# svd_o.V is of shape n * k not k * n(as in sklearn)
P_comps = svd_o.V.toArray().copy()
num_rows = X_rm.numRows()
# U is whitened and projected onto principal components subspace.
S = svd_o.s.toArray()
eig_vals = S**2
# change the ncomp to 3 for this tutorial
#n_comp = np.argmax(np.cumsum(eig_vals)/eig_vals.sum() > 0.95)+1
n_comp = 3
U = svd_o.U.rows.map(lambda x:(x.index, (np.sqrt(num_rows-1)*x.vector).tolist()[0:n_comp]))
# K is our transformation matrix to obtain projection on PC's subspace
K = (U/S).T[:n_comp]
```

Now, the code for calculation of independent components.

```
import pyspark.sql.functions as f
import pyspark.sql.types as t
df = spark.createDataFrame(U).toDF("id", "features")
# Approximating function g(y) = x*exp(-x**2/2) and its derivative
def g(X):
x = np.array(X)
return(x * np.exp(-x**2/2.0))
def gprime(Y):
y = np.array(Y)
return((1-y**2)*np.exp(-y**2/2.0))
# function for calculating step 2 of the ICA algorithm
def calc(df):
function to calculate the appoximating function and its derivative
def foo(x,y):
y_arr = np.array(y)
gy = g(y_arr)
gp = gprime(y_arr)
x_arr = np.array(x)
res = np.outer(gy,x_arr)
return([res.flatten().tolist(), gp.tolist()])
udf_foo = f.udf(foo, t.ArrayType(t.ArrayType(t.DoubleType())))
df2 = df.withColumn("vals", udf_foo("features","Y"))
df2 = df2.select("id", f.col("vals").getItem(0).alias("gy"), f.col("vals").getItem(1).alias("gy_"))
GY_ = np.array(df2.agg(f.array([f.sum(f.col("gy")[i])
for i in range(n_comp**2)])).collect()[0][0]).reshape(n_comp,n_comp)/num_rows
GY_AVG_V = np.array(df2.agg(f.array([f.avg(f.col("gy_")[i])
for i in range(n_comp)])).collect()[0][0]).reshape(n_comp,1)*V
return(GY_, GY_AVG_V)
np.random.seed(101)
# Initialization
V = np.random.rand(n_comp, n_comp)
# symmetric decorelation function
def sym_decorrelation(V):
U,D,VT = np.linalg.svd(V)
Y = np.dot(np.dot(U,np.diag(1.0/D)),U.T)
return np.dot(Y,V)
numIters = 10
V = sym_decorrelation(v_init)
tol =1e-3
V_bc = sc.broadcast(V)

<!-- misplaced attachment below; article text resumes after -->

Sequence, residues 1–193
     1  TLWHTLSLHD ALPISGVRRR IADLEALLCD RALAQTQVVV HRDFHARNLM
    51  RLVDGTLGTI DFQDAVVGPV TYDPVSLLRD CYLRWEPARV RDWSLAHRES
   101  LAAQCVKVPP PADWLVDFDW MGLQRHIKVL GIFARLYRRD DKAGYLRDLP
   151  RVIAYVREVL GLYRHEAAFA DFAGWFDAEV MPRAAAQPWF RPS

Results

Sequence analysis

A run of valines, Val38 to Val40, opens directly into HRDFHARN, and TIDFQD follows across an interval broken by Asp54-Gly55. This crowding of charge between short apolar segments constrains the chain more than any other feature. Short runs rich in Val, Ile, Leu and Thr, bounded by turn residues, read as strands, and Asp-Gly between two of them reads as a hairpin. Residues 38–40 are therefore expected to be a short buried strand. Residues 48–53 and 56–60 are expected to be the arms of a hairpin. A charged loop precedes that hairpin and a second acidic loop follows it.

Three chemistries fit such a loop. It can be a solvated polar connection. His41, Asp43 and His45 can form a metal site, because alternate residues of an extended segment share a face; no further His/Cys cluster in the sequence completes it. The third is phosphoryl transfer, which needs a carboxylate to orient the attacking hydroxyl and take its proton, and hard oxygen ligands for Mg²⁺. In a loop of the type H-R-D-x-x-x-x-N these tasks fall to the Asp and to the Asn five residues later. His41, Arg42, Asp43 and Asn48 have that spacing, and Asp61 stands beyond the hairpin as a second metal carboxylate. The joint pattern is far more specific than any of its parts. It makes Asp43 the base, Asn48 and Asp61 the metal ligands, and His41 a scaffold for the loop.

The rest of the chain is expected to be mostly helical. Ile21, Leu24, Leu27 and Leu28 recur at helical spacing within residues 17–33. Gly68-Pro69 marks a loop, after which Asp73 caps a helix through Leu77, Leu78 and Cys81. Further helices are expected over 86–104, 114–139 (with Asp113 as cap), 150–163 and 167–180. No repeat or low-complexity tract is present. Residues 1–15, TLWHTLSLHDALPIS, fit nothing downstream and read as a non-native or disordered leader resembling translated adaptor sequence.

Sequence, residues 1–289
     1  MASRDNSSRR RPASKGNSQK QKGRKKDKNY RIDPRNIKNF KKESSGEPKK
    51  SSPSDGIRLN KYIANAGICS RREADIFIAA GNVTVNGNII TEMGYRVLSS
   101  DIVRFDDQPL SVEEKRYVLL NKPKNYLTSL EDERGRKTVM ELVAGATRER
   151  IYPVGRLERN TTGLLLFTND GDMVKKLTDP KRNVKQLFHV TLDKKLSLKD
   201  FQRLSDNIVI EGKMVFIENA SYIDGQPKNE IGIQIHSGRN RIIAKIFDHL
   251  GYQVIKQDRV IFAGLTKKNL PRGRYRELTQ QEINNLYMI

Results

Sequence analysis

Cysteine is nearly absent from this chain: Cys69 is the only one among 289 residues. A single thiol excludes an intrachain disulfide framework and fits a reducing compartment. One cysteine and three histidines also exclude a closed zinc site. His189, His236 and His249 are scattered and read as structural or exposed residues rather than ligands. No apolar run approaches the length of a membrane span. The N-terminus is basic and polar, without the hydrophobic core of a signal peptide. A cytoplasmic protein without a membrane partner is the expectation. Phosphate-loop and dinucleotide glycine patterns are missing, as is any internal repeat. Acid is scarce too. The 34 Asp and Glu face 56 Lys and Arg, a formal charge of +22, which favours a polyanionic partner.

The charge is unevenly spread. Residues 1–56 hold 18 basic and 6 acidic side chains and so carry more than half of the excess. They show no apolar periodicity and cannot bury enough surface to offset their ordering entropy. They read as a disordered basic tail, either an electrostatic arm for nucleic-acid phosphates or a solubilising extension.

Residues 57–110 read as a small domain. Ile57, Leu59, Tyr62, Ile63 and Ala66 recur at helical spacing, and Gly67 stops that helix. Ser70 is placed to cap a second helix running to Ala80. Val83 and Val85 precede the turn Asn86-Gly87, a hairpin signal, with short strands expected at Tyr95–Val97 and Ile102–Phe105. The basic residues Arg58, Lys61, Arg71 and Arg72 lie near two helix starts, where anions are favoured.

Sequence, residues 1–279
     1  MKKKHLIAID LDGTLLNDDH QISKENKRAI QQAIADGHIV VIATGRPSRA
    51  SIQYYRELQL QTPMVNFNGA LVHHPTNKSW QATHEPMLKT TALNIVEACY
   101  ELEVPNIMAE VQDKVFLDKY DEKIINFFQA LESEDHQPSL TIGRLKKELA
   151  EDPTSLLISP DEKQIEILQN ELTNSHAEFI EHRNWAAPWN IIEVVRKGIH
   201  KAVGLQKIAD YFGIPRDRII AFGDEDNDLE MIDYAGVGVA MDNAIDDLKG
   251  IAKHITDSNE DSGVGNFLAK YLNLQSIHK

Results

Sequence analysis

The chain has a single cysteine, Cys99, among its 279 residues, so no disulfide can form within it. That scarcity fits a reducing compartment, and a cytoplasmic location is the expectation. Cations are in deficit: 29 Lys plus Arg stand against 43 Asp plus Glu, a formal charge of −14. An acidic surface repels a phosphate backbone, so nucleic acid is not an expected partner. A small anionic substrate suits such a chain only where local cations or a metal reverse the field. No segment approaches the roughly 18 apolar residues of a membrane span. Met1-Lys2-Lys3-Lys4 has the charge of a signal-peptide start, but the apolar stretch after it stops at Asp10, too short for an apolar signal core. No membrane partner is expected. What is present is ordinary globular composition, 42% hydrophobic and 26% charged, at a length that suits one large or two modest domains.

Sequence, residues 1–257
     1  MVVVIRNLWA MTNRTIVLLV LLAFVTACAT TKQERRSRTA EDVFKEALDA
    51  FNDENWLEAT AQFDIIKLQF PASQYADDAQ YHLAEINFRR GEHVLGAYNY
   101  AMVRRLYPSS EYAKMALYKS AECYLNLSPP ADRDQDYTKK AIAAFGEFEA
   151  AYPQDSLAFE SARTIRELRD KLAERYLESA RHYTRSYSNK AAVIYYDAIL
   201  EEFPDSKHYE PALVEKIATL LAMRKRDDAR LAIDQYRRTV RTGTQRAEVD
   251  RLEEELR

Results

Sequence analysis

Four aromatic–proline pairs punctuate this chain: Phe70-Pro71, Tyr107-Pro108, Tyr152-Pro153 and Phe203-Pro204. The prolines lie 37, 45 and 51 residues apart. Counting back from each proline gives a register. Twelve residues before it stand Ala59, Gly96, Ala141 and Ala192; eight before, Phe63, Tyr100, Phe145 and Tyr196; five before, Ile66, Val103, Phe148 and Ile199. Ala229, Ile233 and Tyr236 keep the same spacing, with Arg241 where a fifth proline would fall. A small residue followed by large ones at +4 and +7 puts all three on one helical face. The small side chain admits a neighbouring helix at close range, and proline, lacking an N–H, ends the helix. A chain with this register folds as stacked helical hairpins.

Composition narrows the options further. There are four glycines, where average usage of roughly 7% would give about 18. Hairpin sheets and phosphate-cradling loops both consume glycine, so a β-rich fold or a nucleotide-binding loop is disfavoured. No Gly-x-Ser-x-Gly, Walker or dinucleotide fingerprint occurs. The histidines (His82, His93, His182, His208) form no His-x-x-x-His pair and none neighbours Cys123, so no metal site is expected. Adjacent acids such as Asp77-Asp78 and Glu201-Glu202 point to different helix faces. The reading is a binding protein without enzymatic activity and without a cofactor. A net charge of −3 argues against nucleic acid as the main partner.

for i in range(numIters):
# Y = V*X
udf_mult = f.udf(lambda x: V_bc.value.dot(np.array(x)).tolist(), t.ArrayType(t.DoubleType()))
df = df.withColumn("Y", udf_mult("features"))
gy_x_mean, g_y_mean_V = calc(df)
V_new = gy_x_mean - g_y_mean_V
V_new = sym_decorrelation( V_new )
#condition for convergence
lim = max(abs(abs(np.diag(V_new.dot(V.T)))-1))
V = V_new
# V needs to be broadcasted after every change
V_bc = sc.broadcast(V)
print("i= ",i," lim = ",lim)
if lim < tol:
break
elif i== numIters:
print("Lower the tolerance or increase the number of iterations")
#calculate the unmixing matrix for dataset
W = V.dot(K)
#now multiply U with V to get source signals
S_ = df.withColumn("Y", udf_mult("features"))
```

Plot the result S_

```
plt.title('Recovered source Signals')
for color, series in zip(colors, S_.T):
plt.plot(series, color)
```

**Drawbacks of ICA**: ICA cannot uncover non-linear relationships of the dataset. ICA does not tell us anything about the order of independent components or how many of them are relevant.

**Conclusion**: In this post, we learned practical aspects of the Independent component analysis. We touched a few important topics related to the understanding of ICA like gaussianity and independence. Afterwards, ICA algorithm was implemented on pyspark and used on a toy dataset.

If you wish to learn more about ICA and its applications try ICA paper on fMRI and EEG data.

*Next article in this series will be on Multi-Dimension Scaling*